The final book by the late science populist (The Demon-Haunted World, 1996, etc.) shows him in his role as one of the finest exponents of science for the general public.
These brief pieces apply scientifc knowledge to the exploration of essential questions about the environment and the world's future in a disarmingly clear and charming manner. Sagan begins by pointing out that the phrase "billions and billions," indelibly associated with him in the popular mind, is in fact a parody of his style invented by Johnny Carsonthen he segues into a discussion of large numbers and scientific notation. In similar fashion, he extrapolates from TV sports to an examination of our species's hunter-gatherer origins, and from the fragile ecology of a small aquarium to that of our entire planet. Sagan's concerns always extend beyond a simple examination of whatever scientific principle he begins with; he is always ready to look into the human consequences of the ideas he discusses. Thus, a discussion of how exponential numbers grow evolves into examinations of population growth and the spread of AIDS. Sagan spends some time reconciling the missions of science and religion: Both relate to the ultimate welfare of humanity, and each, he argues, has something to learn from the other. Chapters on moral issues of global importance (such as the degradation of the environment), and reflections on our accomplishments as a species, including the prolonging of human life, the discovery and manipulation of the atom, travel into space, and unprecedented insights into the nature of the universe, attempt to capture an even longer perspective. In the final chapter, written after Sagan's discovery ofhis fatal cancer, he looks death in the face and declares his willingness to fight it. A poignant afterword by his wife, Ann Druyan, ends the book.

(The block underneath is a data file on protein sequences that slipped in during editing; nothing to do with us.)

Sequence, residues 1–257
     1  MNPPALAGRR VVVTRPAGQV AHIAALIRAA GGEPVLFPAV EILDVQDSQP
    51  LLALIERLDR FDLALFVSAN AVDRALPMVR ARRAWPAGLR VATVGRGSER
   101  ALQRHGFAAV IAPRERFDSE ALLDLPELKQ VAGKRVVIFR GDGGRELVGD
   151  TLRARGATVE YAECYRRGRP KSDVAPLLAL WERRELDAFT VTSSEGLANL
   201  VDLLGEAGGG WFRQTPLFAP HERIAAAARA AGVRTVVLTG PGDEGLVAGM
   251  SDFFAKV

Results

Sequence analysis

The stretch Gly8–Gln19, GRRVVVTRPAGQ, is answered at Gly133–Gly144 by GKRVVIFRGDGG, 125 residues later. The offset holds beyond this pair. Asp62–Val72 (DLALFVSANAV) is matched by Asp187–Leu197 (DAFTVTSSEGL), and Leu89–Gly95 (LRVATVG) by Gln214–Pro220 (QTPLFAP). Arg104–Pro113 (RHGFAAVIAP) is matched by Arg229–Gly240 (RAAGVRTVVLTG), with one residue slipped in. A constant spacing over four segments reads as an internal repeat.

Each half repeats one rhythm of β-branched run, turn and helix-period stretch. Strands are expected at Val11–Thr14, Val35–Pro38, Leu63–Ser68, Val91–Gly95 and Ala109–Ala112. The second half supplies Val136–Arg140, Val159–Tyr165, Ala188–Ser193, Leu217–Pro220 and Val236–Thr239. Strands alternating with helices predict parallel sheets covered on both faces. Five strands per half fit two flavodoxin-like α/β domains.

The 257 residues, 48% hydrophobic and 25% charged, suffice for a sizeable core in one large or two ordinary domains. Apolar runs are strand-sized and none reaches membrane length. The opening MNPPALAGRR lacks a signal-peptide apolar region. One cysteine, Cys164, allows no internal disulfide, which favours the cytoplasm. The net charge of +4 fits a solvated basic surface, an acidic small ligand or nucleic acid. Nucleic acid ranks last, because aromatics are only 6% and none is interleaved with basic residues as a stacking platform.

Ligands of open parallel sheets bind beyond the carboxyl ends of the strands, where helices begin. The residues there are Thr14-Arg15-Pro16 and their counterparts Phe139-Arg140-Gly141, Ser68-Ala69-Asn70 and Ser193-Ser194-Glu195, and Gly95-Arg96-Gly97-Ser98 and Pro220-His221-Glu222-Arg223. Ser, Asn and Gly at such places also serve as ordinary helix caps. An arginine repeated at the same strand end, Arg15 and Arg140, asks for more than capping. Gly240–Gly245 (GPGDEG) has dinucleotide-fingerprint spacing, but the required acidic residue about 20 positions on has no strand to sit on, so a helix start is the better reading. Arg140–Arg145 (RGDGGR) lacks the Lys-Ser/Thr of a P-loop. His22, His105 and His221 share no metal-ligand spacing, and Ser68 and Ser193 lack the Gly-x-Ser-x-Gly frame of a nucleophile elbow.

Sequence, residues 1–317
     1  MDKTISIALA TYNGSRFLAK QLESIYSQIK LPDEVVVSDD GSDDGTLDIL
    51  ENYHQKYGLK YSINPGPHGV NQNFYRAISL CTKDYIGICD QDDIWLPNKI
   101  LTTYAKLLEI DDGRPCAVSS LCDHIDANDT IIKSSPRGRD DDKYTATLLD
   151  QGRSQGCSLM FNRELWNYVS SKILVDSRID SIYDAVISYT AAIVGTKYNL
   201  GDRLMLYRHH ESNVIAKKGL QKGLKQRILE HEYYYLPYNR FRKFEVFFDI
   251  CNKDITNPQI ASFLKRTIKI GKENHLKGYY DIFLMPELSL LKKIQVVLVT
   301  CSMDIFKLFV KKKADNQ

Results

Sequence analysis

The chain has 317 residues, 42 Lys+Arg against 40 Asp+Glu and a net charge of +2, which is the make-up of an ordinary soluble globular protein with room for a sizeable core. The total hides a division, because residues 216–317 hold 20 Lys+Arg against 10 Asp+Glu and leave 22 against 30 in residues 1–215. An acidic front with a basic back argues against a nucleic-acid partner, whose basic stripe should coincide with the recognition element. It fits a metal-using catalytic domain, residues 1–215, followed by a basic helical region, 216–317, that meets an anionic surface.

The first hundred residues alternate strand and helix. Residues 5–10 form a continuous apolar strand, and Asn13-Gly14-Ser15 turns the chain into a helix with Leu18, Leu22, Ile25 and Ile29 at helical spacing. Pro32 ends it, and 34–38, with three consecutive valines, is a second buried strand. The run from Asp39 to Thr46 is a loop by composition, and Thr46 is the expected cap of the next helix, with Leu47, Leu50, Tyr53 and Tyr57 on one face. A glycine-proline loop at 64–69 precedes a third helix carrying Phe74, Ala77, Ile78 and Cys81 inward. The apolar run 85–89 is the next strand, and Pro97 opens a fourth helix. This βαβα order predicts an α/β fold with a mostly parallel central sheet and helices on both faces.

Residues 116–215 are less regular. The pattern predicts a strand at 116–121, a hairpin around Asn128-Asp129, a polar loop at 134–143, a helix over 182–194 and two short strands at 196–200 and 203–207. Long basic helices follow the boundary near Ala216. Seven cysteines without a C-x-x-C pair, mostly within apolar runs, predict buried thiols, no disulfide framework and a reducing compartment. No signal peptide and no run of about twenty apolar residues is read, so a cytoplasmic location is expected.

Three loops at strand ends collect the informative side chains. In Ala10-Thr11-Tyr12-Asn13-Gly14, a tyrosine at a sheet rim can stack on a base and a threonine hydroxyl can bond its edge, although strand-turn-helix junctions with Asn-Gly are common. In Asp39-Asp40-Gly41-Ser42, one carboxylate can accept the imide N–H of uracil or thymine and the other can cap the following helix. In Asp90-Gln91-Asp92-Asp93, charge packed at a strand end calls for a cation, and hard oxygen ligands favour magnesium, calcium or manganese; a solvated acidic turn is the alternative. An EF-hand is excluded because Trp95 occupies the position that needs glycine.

Sagan was upbeat to the last, and a true believer in humanity's ability to transcend its worst impulses. This book captures his spirit at its best.
Read an Excerpt
With characteristic optimism in the face of harrowing ambiguity, Carl writes the final entry in a prodigious, passionate, daringly transdisciplinary, and astonishingly original body of work.